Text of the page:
In Pursuit of Profit
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Does your company have the monotonous “Monday morning meeting?” that employees dread all weekend because it never results in anything productive?
Even if it doesn’t, chances are there are still some meetings that leave employees asking themselves, “Why did I even bother preparing for that?” or “Why did I have to be there?” or “Couldn’t that have been an email?”
This is a problem because disorganized, distracted, and downright pointless meetings are more than just an annoyance. According to the Harvard Business Review, wasteful meetings result in:
They cite shocking statistics such as 65% of managers reporting that meetings keep them from completing their work, 71% saying they view meetings as generally unproductive, and 62% declaring that meetings miss the mark of bringing their teams closer together. This is, no doubt, a bleak outlook for organizations with meeting-heavy company cultures.
So, how do you break the cycle of bad meetings?
The answer is in preparing for and executing meetings that provide value for everyone involved by improving the quality of work being done and making that work easier to do.
Use this guide to improve team meetings at your company:
When putting together the attendee list, ask yourself if each person’s time would be better spent on other activities instead of attending the meeting. Consider workload, general availability, and other meeting commitments to exclude anyone who does not truly need to be there.
Only invite the people that are essential to the meeting. Then fill the wider group in after the meeting with an email instead of tying up their time. This is an especially salient point for management and c-suite leadership, as their time is especially valuable.
Prepare a formal agenda instead of just winging it to help everyone stay on topic. Ask for input on the agenda while preparing it to ensure everyone gets their fair share of time and critical items are discussed.
During the meeting, manage your time wisely, and do not be afraid to curtail conversation around adjacent topics. Run the meeting – do not let the meeting run you. Remember, other topics can be tabled and discussed at a future meeting. Additionally, as you go through the meeting, give attendees updates on your progress to keep everyone on track and improve morale.
Budgeting & Finances
When working with your accounting team on creating a budget or to discuss financial matters, ensure you have the right personnel involved. Include someone from your accounting and/or finance department to give the perspective of a subject matter expert in case questions arise. Ensure the financials they provide are up to date and any assumptions used are clearly explained to offer additional perspective from the people with the greatest financial acumen.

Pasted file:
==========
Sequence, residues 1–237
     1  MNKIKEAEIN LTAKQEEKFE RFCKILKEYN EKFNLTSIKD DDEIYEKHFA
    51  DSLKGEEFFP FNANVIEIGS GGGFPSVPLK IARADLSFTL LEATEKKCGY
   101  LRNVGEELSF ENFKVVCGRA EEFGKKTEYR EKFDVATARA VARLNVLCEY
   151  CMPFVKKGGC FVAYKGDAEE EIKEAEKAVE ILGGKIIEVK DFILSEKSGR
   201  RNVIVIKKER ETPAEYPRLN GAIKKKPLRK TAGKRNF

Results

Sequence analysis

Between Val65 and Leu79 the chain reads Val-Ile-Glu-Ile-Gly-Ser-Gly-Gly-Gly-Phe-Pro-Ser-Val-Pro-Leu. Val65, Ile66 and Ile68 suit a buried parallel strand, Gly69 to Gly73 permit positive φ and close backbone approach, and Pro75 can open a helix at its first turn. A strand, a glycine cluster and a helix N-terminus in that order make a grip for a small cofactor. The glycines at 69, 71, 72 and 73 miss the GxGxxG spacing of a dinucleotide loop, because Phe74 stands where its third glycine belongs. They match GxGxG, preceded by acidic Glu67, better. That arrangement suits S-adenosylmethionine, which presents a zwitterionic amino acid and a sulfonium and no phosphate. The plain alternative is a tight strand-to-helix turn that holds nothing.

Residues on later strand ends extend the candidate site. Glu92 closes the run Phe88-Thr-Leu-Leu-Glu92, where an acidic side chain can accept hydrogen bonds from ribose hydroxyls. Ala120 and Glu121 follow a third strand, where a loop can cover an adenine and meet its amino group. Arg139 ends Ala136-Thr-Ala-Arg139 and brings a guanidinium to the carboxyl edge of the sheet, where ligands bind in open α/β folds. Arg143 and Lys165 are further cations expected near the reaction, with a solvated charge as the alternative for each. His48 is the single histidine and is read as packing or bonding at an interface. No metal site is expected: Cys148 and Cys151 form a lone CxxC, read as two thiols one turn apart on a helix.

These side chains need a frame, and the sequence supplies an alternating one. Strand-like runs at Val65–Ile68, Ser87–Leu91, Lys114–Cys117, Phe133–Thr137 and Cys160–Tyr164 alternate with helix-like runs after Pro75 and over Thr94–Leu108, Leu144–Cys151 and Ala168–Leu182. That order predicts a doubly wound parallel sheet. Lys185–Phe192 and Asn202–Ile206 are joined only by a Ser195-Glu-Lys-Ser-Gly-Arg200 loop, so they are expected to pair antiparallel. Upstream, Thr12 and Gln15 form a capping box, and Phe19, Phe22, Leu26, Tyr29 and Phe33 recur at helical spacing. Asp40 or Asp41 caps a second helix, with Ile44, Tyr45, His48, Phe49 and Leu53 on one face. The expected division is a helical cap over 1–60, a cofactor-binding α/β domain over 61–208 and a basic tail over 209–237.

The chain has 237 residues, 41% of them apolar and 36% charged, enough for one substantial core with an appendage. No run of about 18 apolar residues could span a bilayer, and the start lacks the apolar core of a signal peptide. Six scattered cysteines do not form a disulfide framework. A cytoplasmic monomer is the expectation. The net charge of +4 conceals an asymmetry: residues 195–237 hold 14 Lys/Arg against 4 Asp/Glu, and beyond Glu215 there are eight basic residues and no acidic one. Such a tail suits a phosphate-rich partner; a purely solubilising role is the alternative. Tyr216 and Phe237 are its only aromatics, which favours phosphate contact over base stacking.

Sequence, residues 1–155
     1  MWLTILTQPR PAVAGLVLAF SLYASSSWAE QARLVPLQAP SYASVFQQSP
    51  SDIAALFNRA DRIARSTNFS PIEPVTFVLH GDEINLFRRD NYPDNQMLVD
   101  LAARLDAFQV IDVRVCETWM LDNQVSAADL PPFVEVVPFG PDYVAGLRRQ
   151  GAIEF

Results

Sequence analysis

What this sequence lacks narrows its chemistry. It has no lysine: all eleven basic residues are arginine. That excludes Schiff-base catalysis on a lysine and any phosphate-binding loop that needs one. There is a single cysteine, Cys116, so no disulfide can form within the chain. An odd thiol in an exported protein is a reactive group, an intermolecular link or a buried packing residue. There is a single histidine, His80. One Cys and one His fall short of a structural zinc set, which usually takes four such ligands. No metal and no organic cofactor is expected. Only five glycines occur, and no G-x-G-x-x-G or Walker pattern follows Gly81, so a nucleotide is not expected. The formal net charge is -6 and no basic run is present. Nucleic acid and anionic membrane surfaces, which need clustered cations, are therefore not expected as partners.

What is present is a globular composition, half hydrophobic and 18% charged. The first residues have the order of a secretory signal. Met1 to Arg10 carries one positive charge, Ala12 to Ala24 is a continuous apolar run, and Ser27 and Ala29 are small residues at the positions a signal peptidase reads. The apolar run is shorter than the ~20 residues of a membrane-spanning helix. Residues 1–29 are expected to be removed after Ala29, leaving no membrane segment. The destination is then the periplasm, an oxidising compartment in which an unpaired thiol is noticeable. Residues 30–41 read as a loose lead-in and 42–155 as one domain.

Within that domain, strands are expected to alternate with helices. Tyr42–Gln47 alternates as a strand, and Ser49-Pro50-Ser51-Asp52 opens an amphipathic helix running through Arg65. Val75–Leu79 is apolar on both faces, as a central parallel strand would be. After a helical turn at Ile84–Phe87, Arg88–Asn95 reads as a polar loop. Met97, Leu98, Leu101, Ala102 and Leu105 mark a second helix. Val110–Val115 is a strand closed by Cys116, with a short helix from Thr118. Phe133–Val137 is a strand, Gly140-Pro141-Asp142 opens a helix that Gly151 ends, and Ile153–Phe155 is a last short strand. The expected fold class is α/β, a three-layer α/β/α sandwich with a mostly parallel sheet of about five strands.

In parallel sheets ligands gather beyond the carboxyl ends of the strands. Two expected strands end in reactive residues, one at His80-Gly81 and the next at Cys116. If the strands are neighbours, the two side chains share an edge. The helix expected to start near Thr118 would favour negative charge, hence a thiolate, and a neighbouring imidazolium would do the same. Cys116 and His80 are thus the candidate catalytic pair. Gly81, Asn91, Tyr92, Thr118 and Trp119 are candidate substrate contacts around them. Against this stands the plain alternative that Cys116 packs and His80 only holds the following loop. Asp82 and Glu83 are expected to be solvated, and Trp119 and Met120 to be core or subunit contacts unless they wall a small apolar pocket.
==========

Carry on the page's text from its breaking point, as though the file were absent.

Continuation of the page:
Send relevant financial data to attendees ahead of time to give them opportunity to peruse them so the meeting can be informational and strategic in nature, not just everyone staring at a set of numbers trying to get their bearings. This is especially important when dealing with team members that are less financially savvy.
When budgeting strategy needs to be altered to overcome problems that have arisen, it will need executive buy-in from the people who control spending. Typically, this is the Owner/CEO and/or the Controller/CFO/Finance VP/Senior accounting manager but it may also require middle management’s sign off on new initiatives as well. Communicate clearly with personnel whether it is in the meeting or via email afterwards to get their input.
Set the Right Atmosphere
Provide the right supplies and supplemental items to facilitate the kind of meeting you want to have. For instance, a creative brainstorming meeting would likely benefit from snacks, notepads for doodling, and fidget aids to get people’s imaginative juices flowing and encourage causal conversation. However, a budget meeting would likely benefit from informational packets to keep attendees on the same page and coffee to keep everyone focused.
Remember, stuff is not the only way to create the right environment. The time of day can make all the difference also. Knowing when your team does their best work will help you to determine if your meeting should be at the start of the workday, just before or after lunch, mid-afternoon, or some other time of the day. Match the atmosphere of the meeting to the purpose of the meeting.
Since you are excluding some people from the invite list, you will need to take good meeting notes to fill them in on the details of the meeting. The last thing you want is team members feeling like they were left out of an important conversation. Thorough notetaking ensures that people who were not invited or could not attend are kept informed. The result is greater transparency, which builds trust and collaboration.
Good notetaking also improves future meetings by reminding team members what was discussed, challenged, and agreed on in the previous meeting. It also creates accountability when team members are assigned action items for the next meeting, which makes comprehensive notetaking valuable for the meeting attendees as well.
Find out more about how your accounting team can foster a positive company culture through effective meetings and other strategies to improve productivity and increase profitability.